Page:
# You can review Knative version, and configuration, by looking at the configuration files.
# Here’s an example for Knative serving. 
cat /snap/microk8s/current/actions/knative/serving.yaml

3. Install Knative (custom)

Choose this path for tighter control over Knative version and/or components

######################
# Install Istio first
######################
echo 'N;' | microk8s.enable istio

# Ensure Istio is running before proceeding
# All pods should be either 'running' or completed
kubectl get pods -n istio-system

######################
# Install Knative - select version and components
######################
export KNATIVE_071=releases/download/v0.7.1
export KNATIVE_070=releases/download/v0.7.0
export KNATIVE_URL=https://github.com/knative

# if you see errors, re-run next command
kubectl apply --selector knative.dev/crd-install=true \
   --filename ${KNATIVE_URL}/serving/${KNATIVE_071}/serving.yaml \
   --filename ${KNATIVE_URL}/build/${KNATIVE_070}/build.yaml \
   --filename ${KNATIVE_URL}/eventing/${KNATIVE_071}/release.yaml \
   --filename ${KNATIVE_URL}/serving/${KNATIVE_071}/monitoring.yaml

# After this command, total of ~5G of disk and ~2G of memory used
kubectl apply \
   --filename ${KNATIVE_URL}/serving/${KNATIVE_071}/serving.yaml \
   --filename ${KNATIVE_URL}/build/${KNATIVE_070}/build.yaml \
   --filename ${KNATIVE_URL}/eventing/${KNATIVE_071}/release.yaml

# ensure all pods are running
kubectl get pods -n knative-serving
kubectl get pods -n knative-build
kubectl get pods -n knative-eventing

############
# Monitoring wasn't installed, but you can install it with this command
# Note: it will consume about 6GB more memory and additional CPU
############
kubectl apply \
   --filename ${KNATIVE_URL}/serving/${KNATIVE_071}/monitoring.yaml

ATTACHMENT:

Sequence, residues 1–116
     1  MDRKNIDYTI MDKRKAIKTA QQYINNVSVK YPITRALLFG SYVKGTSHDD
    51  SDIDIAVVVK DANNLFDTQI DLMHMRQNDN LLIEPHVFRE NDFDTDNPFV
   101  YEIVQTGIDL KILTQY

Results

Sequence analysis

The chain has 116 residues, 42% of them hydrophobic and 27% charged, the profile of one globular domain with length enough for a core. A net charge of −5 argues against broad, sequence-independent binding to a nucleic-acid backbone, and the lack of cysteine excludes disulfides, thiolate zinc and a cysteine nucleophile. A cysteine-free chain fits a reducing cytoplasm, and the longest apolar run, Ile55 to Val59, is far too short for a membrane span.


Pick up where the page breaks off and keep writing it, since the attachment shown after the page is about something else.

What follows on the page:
# check that all monitoring pods are running
kubectl get pods -n knative-monitoring

4. Hello World

From here you can experiment with several of the hello world examples in Knative. Each component – build, serving, eventing – can be used independently. At the moment, the serving examples leverage local (docker) builds rather than knative build. Why? The local build is still somewhat simpler than a knative build. I imagine this will change over time, showing better integration between the components. However, in the next post, we’ll show a complete solution that relies on knative only. You’ll be led through an example that will use knative to build and serve a simple function, and a local container repository to host images.

For now, and to test a simple example, review the serving hello world samples. If you enjoy Java and Spark, try the helloworld-java-spark example in github.

5. Steps Summary

############
# Launch a VM capable of running all four components of knative
############
multipass launch --mem 10G --cpus 6 --disk 20G --name knative
multipass shell knative

############
# Install MicroK8s
############
sudo snap install --classic microk8s
microk8s.status --wait-ready
sudo snap alias microk8s.kubectl kubectl

############
# Install Knative - everything
# NOTE: for customer Knative install, skip this step
############
echo 'N;' | microk8s.enable knative

############
# --OR-- Install custom Knative
############
# Install Istio
echo 'N;' | microk8s.enable istio
# check status of istio pods
kubectl get pods -n istio-system

# Install essential components of knative
export KNATIVE_071=releases/download/v0.7.1
export KNATIVE_070=releases/download/v0.7.0
export KNATIVE_URL=https://github.com/knative

# if you see errors, re-run next command as is
kubectl apply --selector knative.dev/crd-install=true \
   --filename ${KNATIVE_URL}/serving/${KNATIVE_071}/serving.yaml \
   --filename ${KNATIVE_URL}/build/${KNATIVE_070}/build.yaml \
   --filename ${KNATIVE_URL}/eventing/${KNATIVE_071}/release.yaml \
   --filename ${KNATIVE_URL}/serving/${KNATIVE_071}/monitoring.yaml

# After this command, total of ~5G of disk and ~2G of memory used
kubectl apply \
   --filename ${KNATIVE_URL}/serving/${KNATIVE_071}/serving.yaml \
   --filename ${KNATIVE_URL}/build/${KNATIVE_070}/build.yaml \
   --filename ${KNATIVE_URL}/eventing/${KNATIVE_071}/release.yaml

# ensure all pods are running
kubectl get pods -n knative-serving
kubectl get pods -n knative-build
kubectl get pods -n knative-eventing

############
# Install Monitoring if needed .. extra 6GB of memory required
############
kubectl apply \
   --filename ${KNATIVE_URL}/serving/${KNATIVE_071}/monitoring.yaml
# check that all monitoring pods are running
kubectl get pods -n knative-monitoring

Next Steps

We’ve only scratched the surface of Knative. The next set of posts will focus on each major feature of Knative. The posts will include getting started guides with MicroK8s and Knative. That combination works great for local discovery, development, and as part of your continuous integration pipeline.

Resources